# Elementary Set Theory, cofinal subset, cofinality, ordinal, totally ordered set problem

Definition 1. Let $\langle u,<\rangle$ be totally ordered set, $v\subset u$. $v$ is cofinal subset of $u$ means that for all $a\in u$, there exist $b\in v$ ($a\le b$).

Definition 2. Let $\alpha,\beta$ be ordinals. $\beta$ is cofinal of $\alpha$ means that there exist a cofinal subset of $\alpha$, $v$, and $\langle \beta,\in\rangle\cong\langle v,\in \rangle$.

Definition 3. Let $\alpha$ be ordinal. $\operatorname{cf}(\alpha)$ means that $$\min\{\beta\mid \beta\text{ is a ordinal and there exist a cofinal subset of } \alpha, v,\text{ and } \langle \beta,\in\rangle\cong\langle v,\in\rangle))\}$$

Question 1. If $\alpha$ be limit ordinal, then $\operatorname{cf}(\aleph_\alpha)=\operatorname{cf}(\alpha)$.

Question 2. Let $\alpha,\beta$ be ordinals. $\operatorname{cf}(\alpha+\beta)=\operatorname{cf}(\beta)$.

I tried to solve it like blow,

about question 1. $\alpha\le\aleph_\alpha$ and $\operatorname{cf}(\alpha)\le\alpha$ hence $\operatorname{cf}(\alpha)\le\aleph_\alpha$......[*1] $\operatorname{cf}(\operatorname{cf}(\alpha)) = \operatorname{cf}(\alpha)$　and [*1] hence $\operatorname{cf}(\aleph_\alpha)\ge\operatorname{cf}(\alpha)$

about question 2. $\alpha\le\alpha+\beta$ hence $\operatorname{cf}(\alpha)\le\operatorname{cf}(\alpha+\beta)$

• Cofinality is not an increasing function. More specifically, $\omega_1<\omega_1+\omega$, but $\DeclareMathOperator{\cf}{cf}\cf(\omega_1)=\omega_1>\omega=\cf(\omega_1+\omega)$. – Asaf Karagila Mar 28 '16 at 7:27
• I understand cofinality is not increasing . – tarou Mar 28 '16 at 7:34
• i could solve problem. – tarou Mar 30 '16 at 3:54
• Q2 is false when $0=\beta \ne \alpha.$ – DanielWainfleet Mar 31 '16 at 3:35

Your approach implicitly assumes that cofinality is a non-decreasing function, which as you know is false.

Here’s an extended HINT for the second question, which I think is a little easier than the first. Once you’ve worked your way through that problem, we can worry about the other problem in a separate question if you’re still stuck on it.

Let $u$ be a cofinal subset of $\beta$.

• Let $v=\{\alpha+\xi:\xi\in u\}$. Show that $v$ is cofinal in $\alpha+\beta$, and that $\langle v,\in\rangle\cong\langle u,\in\rangle$.
• Deduce that $\operatorname{cf}(\alpha+\beta)\le\operatorname{cf}(\beta)$.

Now let $u$ be a cofinal subset of $\alpha+\beta$, and let $v=\{\xi:\alpha+\xi\in u\}$.

• Show that $v$ is cofinal in $\beta$.
• Show that $\operatorname{cf}(v)=\operatorname{cf}(\{\alpha+\xi:\xi\in v\})\le\operatorname{cf}(u)$.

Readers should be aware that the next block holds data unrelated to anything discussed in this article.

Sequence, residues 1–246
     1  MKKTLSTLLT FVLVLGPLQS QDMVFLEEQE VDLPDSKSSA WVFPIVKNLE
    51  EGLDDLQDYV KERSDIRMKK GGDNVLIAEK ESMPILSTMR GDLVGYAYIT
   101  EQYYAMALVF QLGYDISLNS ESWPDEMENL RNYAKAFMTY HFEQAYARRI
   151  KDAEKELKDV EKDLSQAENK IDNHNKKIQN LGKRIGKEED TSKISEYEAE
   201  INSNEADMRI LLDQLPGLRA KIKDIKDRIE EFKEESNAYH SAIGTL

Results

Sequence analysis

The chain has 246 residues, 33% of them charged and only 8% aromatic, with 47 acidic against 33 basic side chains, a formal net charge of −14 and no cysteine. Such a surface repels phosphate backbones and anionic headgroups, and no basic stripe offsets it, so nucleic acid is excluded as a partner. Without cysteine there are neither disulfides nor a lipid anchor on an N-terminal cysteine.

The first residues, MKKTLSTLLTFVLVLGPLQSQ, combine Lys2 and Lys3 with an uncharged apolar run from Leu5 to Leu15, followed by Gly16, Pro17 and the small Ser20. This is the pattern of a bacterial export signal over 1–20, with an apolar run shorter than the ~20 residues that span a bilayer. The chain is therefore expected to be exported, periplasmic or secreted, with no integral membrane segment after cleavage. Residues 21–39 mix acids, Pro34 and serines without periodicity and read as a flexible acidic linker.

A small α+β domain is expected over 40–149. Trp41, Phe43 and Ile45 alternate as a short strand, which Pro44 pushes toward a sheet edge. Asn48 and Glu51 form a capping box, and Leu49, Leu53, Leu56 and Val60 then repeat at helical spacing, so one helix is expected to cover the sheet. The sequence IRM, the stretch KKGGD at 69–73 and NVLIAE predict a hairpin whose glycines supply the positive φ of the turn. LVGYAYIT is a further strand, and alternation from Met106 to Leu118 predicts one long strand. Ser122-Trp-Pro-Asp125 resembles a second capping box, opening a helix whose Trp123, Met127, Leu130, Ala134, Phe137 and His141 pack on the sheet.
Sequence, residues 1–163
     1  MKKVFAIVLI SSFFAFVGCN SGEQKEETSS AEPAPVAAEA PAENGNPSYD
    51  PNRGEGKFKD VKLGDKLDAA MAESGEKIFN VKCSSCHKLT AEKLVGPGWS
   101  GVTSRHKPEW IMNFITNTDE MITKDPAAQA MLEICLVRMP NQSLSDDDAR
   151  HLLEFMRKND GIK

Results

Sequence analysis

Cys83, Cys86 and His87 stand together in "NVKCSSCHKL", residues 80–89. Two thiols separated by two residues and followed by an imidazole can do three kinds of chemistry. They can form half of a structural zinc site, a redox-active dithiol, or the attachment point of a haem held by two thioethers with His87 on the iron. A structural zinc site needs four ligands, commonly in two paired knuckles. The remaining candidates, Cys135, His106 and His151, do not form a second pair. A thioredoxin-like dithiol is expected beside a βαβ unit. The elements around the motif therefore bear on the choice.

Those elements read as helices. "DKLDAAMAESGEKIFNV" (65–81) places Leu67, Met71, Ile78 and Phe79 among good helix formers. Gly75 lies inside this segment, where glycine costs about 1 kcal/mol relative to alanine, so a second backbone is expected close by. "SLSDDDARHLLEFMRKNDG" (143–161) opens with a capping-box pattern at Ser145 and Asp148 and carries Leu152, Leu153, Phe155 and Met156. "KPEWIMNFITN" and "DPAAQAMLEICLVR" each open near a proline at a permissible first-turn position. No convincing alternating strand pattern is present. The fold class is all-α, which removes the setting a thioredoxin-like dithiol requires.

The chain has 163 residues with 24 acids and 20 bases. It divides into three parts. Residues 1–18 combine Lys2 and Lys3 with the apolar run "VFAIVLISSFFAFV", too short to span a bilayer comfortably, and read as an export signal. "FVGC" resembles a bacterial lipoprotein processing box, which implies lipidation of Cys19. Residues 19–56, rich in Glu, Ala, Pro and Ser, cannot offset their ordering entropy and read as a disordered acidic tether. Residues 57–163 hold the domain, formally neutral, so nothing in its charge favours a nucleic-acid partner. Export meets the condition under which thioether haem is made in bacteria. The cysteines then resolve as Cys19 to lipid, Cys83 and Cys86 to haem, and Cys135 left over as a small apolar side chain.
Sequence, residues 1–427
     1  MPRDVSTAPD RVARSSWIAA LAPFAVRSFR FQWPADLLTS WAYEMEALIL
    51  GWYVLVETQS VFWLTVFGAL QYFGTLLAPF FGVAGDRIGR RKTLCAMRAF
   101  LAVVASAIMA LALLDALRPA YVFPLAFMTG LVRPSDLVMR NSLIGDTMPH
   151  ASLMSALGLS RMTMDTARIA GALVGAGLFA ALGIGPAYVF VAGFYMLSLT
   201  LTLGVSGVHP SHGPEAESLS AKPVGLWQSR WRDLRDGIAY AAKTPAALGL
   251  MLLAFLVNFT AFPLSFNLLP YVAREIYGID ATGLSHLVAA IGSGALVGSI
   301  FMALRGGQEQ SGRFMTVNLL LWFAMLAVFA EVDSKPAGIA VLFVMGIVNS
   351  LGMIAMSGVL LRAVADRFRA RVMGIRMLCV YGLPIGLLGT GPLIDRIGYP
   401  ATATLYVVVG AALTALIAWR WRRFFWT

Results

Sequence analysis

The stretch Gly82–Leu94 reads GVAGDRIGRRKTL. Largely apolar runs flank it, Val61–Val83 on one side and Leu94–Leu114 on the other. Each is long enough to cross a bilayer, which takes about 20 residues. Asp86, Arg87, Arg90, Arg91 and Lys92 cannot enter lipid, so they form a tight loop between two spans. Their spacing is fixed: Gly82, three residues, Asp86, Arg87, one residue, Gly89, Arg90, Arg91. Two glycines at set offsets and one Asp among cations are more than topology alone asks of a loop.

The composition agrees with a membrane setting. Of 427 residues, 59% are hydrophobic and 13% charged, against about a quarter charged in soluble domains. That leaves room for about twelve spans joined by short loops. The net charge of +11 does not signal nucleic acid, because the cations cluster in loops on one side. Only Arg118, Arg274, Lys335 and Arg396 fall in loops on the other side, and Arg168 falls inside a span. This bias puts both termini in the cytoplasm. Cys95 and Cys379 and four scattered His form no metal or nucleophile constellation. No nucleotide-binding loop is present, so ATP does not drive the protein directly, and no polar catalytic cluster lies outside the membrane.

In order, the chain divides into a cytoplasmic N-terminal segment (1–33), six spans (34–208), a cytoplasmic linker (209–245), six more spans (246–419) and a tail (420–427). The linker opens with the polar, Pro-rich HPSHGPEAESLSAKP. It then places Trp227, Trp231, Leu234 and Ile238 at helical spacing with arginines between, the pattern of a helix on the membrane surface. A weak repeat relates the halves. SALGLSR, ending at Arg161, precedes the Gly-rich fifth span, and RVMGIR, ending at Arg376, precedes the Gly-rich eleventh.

• Deduce that $\operatorname{cf}(\beta)\le\operatorname{cf}(\alpha+\beta)$.

I actually slightly disagree with Brian re: easiness; I'll give a sketch of a solution to problem 1.

The principle behind the solution is what I think of as "cofinal in cofinal = cofinal": if I have

• an ordinal $\alpha$,

• a cofinal embedding $h$ of an ordinal $\beta$ into $\alpha$ (that is, a sequence $\alpha_\eta$ ($\eta<\beta$) of ordinals $<\alpha$ which is cofinal in $\alpha$ - think of $\alpha_\eta$ as $h(\eta))$,

• and a cofinal embedding $g$ of an ordinal $\gamma$ into $\beta$ (that is, a sequence $\beta_\theta$ ($\theta<\gamma$) of ordinals $<\beta$ which is cofinal in $\beta$ - think of $\beta_\theta$ as $g(\theta))$,

then I can combine these to get a cofinal embedding of $\gamma$ in $\alpha$: look at $h\circ g: \gamma\rightarrow\alpha$. Put another way, "thinning ordinals out" doesn't change their cofinality. Note that in particular, this means $cf(\beta)\le cf(\alpha)$, and it's not too hard to show that the converse also holds as long as $h$ is order-preserving.

So in problem (1), we want to find a cofinal, order-preserving embedding of $\alpha$ into $\aleph_\alpha$. Can you think of one? (HINT: $\aleph_0, \aleph_1, \aleph_2, . . .$)

• ℵα = { ℵβ ∣ β<α } so i can find order-preserving embedding of α into ℵα . – tarou Mar 30 '16 at 3:23
• Your hint means that in the case of β is cofinal of α then cf(β)≤cf(α)? – tarou Mar 30 '16 at 3:25
• @tarou Yes, that's the cofinal order-preserving embedding of $\alpha$ into $\aleph_\alpha$ I was thinking of. And the point of the rest of the answer is a bit stronger: it's that if $\beta$ has a cofinal order-preserving embedding into $\alpha$, then their cofinalities are equal! – Noah Schweber Mar 30 '16 at 3:27
• i could solve question1 using your hint. – tarou Mar 30 '16 at 3:48
• I didnt use the condition, α is an limit ordinal. – tarou Mar 30 '16 at 4:26